July 26, 2023 Government Operations, Investigations

WINNIPEG – Manitoba Auditor General Tyson Shtykalo today released 3 reports, including 2 performance audits and one investigation.

The Auditor General’s audit of addictions treatment services found Manitobans often did not have access to appropriate addiction treatment services when they needed them. A separate audit found the Department of Justice was not efficiently managing the delivery of court services for the Provincial Court of Manitoba.

“In both these audits, we found long wait times were impacting Manitobans—and this issue was amplified in rural areas and in northern regions,” Shtykalo said. “We also noted technology deficiencies and a reliance on paper-based systems, which were contributing to inefficiencies.”

The third report, an investigation of the Protection for Persons in Care Office (PPCO), notes serious, systematic issue existed within the organization. The PPCO investigates allegations of abuse and neglect in health facilities.

“We found the PPCO’s processes for investigating allegations of abuse were flawed and failed to result in reasonable conclusions,” Shtykalo said.

The reports include recommendations that address the issues uncovered during the audits and investigation.

To view the 3 reports, visit oag.mb.ca/audit-reports/

To watch brief overview videos, visit: youtube.com/@AuditorGenMB

NOTE: A version of the video without music and graphics can be provided to media upon request.


Auditor General Tyson Shtykalo today released 3 reports. Brief summaries of these reports can be found below.

Addictions Treatment Services in Manitoba

This audit found Manitobans often did not have access to appropriate addiction treatment services when they needed them.

“Substance abuse and addictions can have devastating impacts on individuals directly affected, as well as those around them,” Shtykalo said. “We noted that in Manitoba, capacity did not meet the demand for addiction treatment and as a result, people continued to experience long waits.”

Shtykalo’s report found these issues were amplified in rural areas and in the North.

The audit also found that a system-wide picture of addictions treatment services in Manitoba did not exist. This is because the delivery of addictions treatment was decentralized, records were still largely paper-based, and data collection was siloed.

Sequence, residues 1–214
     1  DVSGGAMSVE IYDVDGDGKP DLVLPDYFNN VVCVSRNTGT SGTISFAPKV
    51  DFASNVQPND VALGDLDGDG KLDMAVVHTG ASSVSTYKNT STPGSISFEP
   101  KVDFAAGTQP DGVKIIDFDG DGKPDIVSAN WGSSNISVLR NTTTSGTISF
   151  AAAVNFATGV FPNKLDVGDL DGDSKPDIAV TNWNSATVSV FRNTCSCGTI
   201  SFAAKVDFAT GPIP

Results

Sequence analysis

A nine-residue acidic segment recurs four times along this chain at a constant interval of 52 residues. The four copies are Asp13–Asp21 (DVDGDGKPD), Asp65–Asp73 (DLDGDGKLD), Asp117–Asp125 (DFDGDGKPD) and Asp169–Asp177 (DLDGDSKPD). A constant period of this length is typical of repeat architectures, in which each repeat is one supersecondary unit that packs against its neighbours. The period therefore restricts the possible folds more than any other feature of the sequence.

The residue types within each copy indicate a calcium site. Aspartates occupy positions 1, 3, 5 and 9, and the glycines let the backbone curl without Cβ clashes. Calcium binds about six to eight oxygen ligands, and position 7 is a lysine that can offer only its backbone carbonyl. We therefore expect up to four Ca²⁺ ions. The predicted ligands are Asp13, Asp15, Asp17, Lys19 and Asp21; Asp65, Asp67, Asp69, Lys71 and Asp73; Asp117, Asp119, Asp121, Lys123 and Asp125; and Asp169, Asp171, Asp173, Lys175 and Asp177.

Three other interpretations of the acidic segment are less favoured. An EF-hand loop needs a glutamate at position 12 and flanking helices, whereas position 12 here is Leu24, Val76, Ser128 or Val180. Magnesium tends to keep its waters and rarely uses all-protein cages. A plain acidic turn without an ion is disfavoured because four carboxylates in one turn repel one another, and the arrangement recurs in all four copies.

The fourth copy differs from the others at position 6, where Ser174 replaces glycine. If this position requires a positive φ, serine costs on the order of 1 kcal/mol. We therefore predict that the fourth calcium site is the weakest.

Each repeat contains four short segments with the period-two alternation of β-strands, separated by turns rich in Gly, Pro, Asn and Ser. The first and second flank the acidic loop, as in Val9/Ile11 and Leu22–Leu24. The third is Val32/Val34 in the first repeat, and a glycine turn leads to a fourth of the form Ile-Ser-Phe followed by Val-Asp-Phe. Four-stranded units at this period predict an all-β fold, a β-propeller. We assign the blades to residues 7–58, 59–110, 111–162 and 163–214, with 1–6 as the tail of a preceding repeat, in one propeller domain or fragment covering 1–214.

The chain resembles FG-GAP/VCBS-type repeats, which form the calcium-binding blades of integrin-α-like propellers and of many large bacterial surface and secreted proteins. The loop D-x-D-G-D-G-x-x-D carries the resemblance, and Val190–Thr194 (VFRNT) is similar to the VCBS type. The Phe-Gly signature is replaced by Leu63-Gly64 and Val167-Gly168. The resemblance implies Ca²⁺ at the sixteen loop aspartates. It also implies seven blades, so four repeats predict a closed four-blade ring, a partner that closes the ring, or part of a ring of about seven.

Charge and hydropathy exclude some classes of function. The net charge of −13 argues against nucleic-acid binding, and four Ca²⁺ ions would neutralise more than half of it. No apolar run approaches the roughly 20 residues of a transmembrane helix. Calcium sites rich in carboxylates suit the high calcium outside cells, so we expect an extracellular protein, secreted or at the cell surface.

In addition, the report notes there was a lack of coordination across the different types of treatment services. “Different service providers, both in the public system, as well as not-for-profits and private providers, must work together and coordinate to provide treatment and care to individuals with addictions, regardless of how the health-care system is structured,” Shtykalo said. The report includes 15 recommendations.

Efficiency of Court Services for the Provincial Court of Manitoba

This audit found the Department of Justice was not efficiently managing the delivery of court services for the Provincial Court of Manitoba.

The report notes there were significant staff shortages and technological deficiencies in the systems that support the Provincial Court, and an overwhelming reliance on paper-based systems. “Both the Provincial Court and the Department have acknowledged the staff shortages and technological deficiencies, but there were no strategies in place to address these issues,” Shtykalo said.

The audit also found there were opportunities for the Department of Justice to provide greater autonomy to the Provincial Court, as the administrative structure posed restrictions. “Other jurisdictions provided more autonomy to courts through memorandums of understanding.”

The Auditor General noted that the risks and impacts identified throughout his audit were amplified in Northern Manitoba. The report includes 7 recommendations.

Investigation of the Protection for Persons in Care Office (PPCO)

This investigation confirmed serious systemic issues existed within the Protection for Persons in Care Office.

Shtykalo noted the investigation was launched after his office received several calls from Manitobans describing incidents where loved ones living in personal care homes were physically or verbally harmed. However, the resulting Protection for Persons in Care Office’s investigations concluded there was no  abuse. “Through the course of our investigation, we found the allegations were valid and were not isolated cases,” Shtykalo said.

“The purpose of The Protection for Persons in Care Act is to protect vulnerable people in care,” Shtykalo said. “Unfortunately, the processes used by the PPCO to determine if abuse occurred were flawed and failed to reach reasonable conclusions.”

The Auditor General noted some victims and families waited over 3 years for the PPCO investigations to start. In addition, the report states that issues with the definition of abuse were identified in 3 separate reports released over the past decade, but the PPCO did not take meaningful action to remedy the situation.

The report includes 12 recommendations to the PPCO to improve the investigation process and protect vulnerable Manitobans.

About the Auditor General of Manitoba

The Auditor General is an officer of the Legislative Assembly mandated to provide independent assurance and advice to Members of the Legislative Assembly. Through its audits, the Office of the Auditor General seeks to identify opportunities to strengthen government operations and enhance performance management and reporting. For more information visit https://www.oag.mb.ca/

For more information contact:

Frank Landry, Communications Manager

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